*”Liberated T”, is a Syrian advocacy campaign that aims to change the negative gender stenotypes imposed mainly by our society on women, it focuses on theSyrian women’s stories, battles, and experiences. It will also expose the gender based violations they face on their daily lives. *In standard Arabic language the femininity letter T added to the verb to make it feminine is named “The Quiet T”. Our campaign uses the same femininity T but we are changing its name into liberated T, instead of “quiet”.

A Revolutionary from Barada

Rouweida Kanaan likes to remember wandering through the streets of Damascus. She recalls every detail of Al Marj Square, the shape of its tiles shape, the facades of the Damascene sweet shops and the various neighbourhood hotels. She remembers the smiling faces of the shop owners in the Al Hamidia souq and the sound of their voices encouraging customers to enter their shops.

“I know every corner of Damascus and I hope to go back and wander in its streets,” she said.

Kanaan, a mathematics graduate, also remembers how she used the skills she learnt in the faculty of sciences to calculate the diametre and radius of Umayyad Square so as to work out how many people could fit in it during protests demanding freedom.

The young woman from Barada valley was not against the regime per se before the revolution. In 1999, when she was at still at university, the Students Union Bureau interrogated her due to her friendships with people affiliated to the Communist Labour Party as well as Arab students from Sudan and Yemen.

“Back then it felt weird; even though I was just an ordinary and simple person, the secret services were tracking every move I made. So how far did they go with other people?” she recalled.

Her political awakening really began when she began to realise the extent of government corruption and how public servants dealt with citizens. She began asking herself why Syrians had to be so afraid of the secret services and why they had to stay so quiet about these problems. These questions and many others began to haunt her, but she could only share them with very close friends.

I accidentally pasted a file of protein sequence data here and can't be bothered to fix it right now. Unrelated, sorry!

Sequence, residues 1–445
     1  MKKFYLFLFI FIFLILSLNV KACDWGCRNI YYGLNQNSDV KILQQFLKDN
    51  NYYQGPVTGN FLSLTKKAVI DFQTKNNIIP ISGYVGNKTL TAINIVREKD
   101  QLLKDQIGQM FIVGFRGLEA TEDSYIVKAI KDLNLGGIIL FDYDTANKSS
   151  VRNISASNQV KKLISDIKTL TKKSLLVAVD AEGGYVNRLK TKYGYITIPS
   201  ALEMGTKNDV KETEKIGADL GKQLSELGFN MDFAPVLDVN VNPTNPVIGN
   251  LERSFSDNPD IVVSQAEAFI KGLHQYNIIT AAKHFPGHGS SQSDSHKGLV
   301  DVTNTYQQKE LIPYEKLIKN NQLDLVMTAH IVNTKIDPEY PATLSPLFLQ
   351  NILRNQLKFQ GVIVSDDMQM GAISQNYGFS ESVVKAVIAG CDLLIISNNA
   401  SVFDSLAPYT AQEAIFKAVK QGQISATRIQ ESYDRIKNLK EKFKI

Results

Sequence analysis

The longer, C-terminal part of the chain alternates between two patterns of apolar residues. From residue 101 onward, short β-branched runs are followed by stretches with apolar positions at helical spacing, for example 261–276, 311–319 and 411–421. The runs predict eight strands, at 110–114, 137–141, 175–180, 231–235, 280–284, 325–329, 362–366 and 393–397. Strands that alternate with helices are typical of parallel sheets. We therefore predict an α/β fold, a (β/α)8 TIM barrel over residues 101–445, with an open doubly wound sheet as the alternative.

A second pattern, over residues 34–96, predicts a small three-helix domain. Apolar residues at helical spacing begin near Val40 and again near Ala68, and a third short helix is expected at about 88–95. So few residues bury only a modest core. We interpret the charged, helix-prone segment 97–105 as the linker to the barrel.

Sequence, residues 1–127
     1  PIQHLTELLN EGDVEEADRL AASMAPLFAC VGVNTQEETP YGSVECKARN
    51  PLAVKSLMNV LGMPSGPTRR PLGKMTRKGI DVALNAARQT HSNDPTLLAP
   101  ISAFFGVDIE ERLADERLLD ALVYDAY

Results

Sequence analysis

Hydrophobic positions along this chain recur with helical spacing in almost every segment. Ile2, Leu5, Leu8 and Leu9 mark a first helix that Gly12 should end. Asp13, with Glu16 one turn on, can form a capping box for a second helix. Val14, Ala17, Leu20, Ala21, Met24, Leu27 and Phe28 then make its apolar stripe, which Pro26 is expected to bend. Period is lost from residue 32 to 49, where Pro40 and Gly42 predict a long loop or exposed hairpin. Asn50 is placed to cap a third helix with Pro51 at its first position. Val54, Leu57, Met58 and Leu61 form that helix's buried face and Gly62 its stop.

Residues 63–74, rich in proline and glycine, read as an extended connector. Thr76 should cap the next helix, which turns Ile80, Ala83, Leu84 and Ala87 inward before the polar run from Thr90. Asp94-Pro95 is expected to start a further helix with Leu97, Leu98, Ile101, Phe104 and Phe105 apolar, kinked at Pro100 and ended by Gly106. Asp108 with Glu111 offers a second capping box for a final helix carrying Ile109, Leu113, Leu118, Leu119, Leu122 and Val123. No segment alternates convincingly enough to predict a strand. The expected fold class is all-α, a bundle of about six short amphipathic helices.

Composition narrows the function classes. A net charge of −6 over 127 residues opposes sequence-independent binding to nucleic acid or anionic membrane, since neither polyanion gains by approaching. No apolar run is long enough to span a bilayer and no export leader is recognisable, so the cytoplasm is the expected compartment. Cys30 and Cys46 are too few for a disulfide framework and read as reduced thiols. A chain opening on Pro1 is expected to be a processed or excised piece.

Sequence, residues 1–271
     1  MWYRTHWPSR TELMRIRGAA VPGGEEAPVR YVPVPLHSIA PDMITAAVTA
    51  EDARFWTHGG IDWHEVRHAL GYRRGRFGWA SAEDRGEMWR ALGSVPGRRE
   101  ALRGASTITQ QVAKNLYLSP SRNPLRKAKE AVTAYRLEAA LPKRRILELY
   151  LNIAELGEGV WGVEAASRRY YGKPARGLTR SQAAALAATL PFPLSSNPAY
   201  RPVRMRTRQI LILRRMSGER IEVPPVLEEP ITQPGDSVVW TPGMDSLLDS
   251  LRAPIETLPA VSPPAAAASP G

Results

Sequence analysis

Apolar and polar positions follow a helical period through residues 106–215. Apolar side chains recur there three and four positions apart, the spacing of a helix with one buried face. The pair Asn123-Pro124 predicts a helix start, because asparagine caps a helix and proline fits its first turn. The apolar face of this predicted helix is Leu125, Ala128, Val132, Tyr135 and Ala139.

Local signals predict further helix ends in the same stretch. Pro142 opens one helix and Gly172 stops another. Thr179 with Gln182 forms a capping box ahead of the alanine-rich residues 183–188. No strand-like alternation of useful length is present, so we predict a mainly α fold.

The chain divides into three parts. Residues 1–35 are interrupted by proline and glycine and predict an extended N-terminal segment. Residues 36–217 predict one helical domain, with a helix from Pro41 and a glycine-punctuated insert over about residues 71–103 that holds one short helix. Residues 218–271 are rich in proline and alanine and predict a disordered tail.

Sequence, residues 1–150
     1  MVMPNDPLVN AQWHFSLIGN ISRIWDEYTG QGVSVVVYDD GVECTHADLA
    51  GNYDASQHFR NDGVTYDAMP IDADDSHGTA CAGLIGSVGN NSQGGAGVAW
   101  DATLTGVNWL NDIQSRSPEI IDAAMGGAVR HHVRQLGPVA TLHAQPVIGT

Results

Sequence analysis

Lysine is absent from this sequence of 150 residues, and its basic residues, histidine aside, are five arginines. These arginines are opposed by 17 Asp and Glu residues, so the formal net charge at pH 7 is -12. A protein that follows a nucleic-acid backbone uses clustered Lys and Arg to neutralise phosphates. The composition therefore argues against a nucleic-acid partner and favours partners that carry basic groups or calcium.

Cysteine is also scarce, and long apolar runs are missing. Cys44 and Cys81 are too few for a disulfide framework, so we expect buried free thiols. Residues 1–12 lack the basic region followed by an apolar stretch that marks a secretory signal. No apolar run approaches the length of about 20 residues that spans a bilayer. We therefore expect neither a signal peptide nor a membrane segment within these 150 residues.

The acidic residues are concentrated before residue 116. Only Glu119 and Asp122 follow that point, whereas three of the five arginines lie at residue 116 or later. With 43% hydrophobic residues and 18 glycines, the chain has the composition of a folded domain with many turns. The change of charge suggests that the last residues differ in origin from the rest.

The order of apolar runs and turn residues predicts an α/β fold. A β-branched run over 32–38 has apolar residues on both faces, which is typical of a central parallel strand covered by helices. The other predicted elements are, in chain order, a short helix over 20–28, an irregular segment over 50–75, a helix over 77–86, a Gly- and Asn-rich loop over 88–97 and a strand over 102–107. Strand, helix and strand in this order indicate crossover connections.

In early 2011, when revolution erupted in Tunisia, then moved to Egypt, Kanaan saw on television how the Egyptian army protected protesters. She knew that the Syrian army would act differently, because of Damascus’s interference in Lebanese affairs in the 1980s and 1990s.

“I was certain that this army would not side with the people, especially the secret services who would without a doubt act against the anti-regime movement,” she continued.

When the Syrian revolution began in spring 2011, she knew instinctively that she would join it.

“In May 2011, during the first protest I participated in, I shouted as loud as I could: God! Syria! Freedom!” Kanaan recalled.

Ever since then, she felt that had something changed within her.

“I was a shy person before, but after this experience I became able to speak publicly and demand my rights,” she said.

Roweida went on to be arrested three times. The first time was during a protest in summer 2011when she was detained for “agitation”. The second time was in early February 2012 when she was arrested with her sisters at their house and accused of supporting terrorism. This was because she was in possession of medicine and food aid, in addition to having organised political protests and co-founded a movement called Together for a Free and Democratic Syria. Other prominent members of this movement included activists Azza Al Bahra and Khawla Dunia.